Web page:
Twenty-First Dynasty[change | change source]

The Twenty-First Dynasty was based at Tanis and was a relatively weak group. They were rulers of all Egypt, but in practice their influence was limited to Lower Egypt. They ruled from 1069 to 943 BC

Name Image Comments Dates
Nesbanebdjed I[68]
Also known as Smendes I 1077–1051
- 1051–1047
Psusennes I
Also known as the Silver Pharaoh 1047–1001
- 1001–992
Osorkon the Elder
- * (Osochor ) 992–986
- 986–967
Psusennes II
- 967–943

Twenty-Second Dynasty[change | change source]

The pharaohs of the Twenty-Second Dynasty were Libyans, ruling from around 943 to 728 BC:

Name Image Comments Dates
Shoshenq I
Osorkon I
- 922–887
Shoshenq II
- 887–885
Takelot I
- 885–872
Harsiese A
A rebel ruler, based at Thebes 880–860
Osorkon II
- 872–837
Shoshenq III
- 837–798
Shoshenq IV - 798–785
- 785–778
Shoshenq V
- 778–740
Osorkon IV
- 740–720

Twenty-Third Dynasty[change | change source]

The Twenty-Third Dynasty was another Libyan group, based at Herakleopolis and Thebes. They ruled from 837 to c. 735 BC:

Name Image Comments Dates
Takelot II
He was once seen as a 22nd Dynasty pharaoh, he is now known to be the founder of the 23rd 837–813
Pedubast I
He was a rebel and seized Thebes from Takelot II 826–801
Iuput I Co-regent with Pedubast 812–811
Shoshenq VI Successor to Pedubast 801–795
Osorkon III
Son of Takelot II; recovered Thebes, then made himself king 795–767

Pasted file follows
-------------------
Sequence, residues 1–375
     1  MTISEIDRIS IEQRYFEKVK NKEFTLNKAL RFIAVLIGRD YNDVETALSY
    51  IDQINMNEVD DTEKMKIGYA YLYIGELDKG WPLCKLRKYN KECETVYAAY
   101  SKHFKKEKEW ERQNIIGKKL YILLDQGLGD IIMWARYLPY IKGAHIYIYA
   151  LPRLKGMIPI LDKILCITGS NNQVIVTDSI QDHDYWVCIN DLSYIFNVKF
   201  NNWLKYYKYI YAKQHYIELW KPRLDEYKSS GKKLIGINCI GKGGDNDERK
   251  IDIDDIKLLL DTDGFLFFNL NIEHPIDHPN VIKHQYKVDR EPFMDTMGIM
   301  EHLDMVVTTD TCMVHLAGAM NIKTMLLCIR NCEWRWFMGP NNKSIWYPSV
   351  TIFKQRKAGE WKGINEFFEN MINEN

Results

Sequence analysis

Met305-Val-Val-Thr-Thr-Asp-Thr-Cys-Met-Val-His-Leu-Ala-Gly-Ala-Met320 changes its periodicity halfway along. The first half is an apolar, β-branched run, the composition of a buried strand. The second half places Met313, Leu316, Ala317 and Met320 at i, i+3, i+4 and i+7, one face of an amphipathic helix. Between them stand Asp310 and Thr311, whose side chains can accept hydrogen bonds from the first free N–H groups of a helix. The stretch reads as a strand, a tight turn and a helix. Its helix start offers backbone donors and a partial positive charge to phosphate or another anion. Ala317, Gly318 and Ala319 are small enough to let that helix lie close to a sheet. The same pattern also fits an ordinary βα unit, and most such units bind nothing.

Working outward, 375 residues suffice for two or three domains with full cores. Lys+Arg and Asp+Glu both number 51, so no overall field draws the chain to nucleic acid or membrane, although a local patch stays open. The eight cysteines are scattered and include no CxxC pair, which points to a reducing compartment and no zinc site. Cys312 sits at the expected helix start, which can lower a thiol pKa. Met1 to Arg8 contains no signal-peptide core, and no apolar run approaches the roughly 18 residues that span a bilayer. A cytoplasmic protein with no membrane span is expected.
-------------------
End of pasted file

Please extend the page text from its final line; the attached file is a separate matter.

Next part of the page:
Takelot III
Ruled with his father Osorkon III for the first five years. 773–765
Younger son of Osorkon III and brother of Takelot III. 765–762

Rudamun was succeeded in Thebes by a local ruler:

Name Image Comments Dates
Ruled Thebes only 762-?

The Libu[change | change source]

Not really a dynasty, the Libu were another group of western nomads from Libya who controlled the western Delta from 805 to 732 BC.

Name Image Comments Dates
Inamunnifnebu 805–795
? - 795–780
Niumateped - 780–755
Titaru - 763–755
Ker - 755–750
Rudamon - 750–745
Ankhor - 745–736
Tefnakht - 736–732

Twenty-Fourth Dynasty[change | change source]

The Twenty-fourth Dynasty was a short-lived rival dynasty in the western Delta (Sais). There were only two Pharaohs, ruling from 732 to 720 BC.

Name Image Comments Dates
- 732–725
- 725–720

Late period[change | change source]

The Late Period runs from 732 BC to Egypt becoming a province of Rome in 30 BC, and includes periods of rule by Nubians, Persians, and Macedonians.

Twenty-fifth Dynasty[change | change source]

Nubians invaded Lower Egypt and took the throne of Egypt under Piye although they already controlled Thebes and Upper Egypt in the early years of Piye's reign. Piye's conquest of Lower Egypt established the Twenty-fifth Dynasty which ruled until 656 BC.

Name Image Comments Dates
King of Nubia; conquered Egypt in 20th year; ruled for 24 years, or possibly 30+ years 752–721 according to Dan'el Kahn
- 721–707/706 according to Rolf Krauss/David Warburton[69]
- 707/706–690 according to Dan'el Kahn[70]
- 690–664
lost control of Upper Egypt in 656 BC when Psamtik I took over Thebes in that year. 664–653

They were forced from Egypt back into Nubia, where they set up a kingdom at Napata (656–590), and, later, at Meroë (590 BC – 4th century AD).

Twenty-sixth Dynasty[change | change source]

The Twenty-sixth Dynasty ruled from around 672 to 525 BC.[71]

Name Image Comments Dates
Necho I
Was killed by an invading Kushite force in 664 BC under Tantamani. Father of Psamtik I. 672 – 664 BC
Psamtik I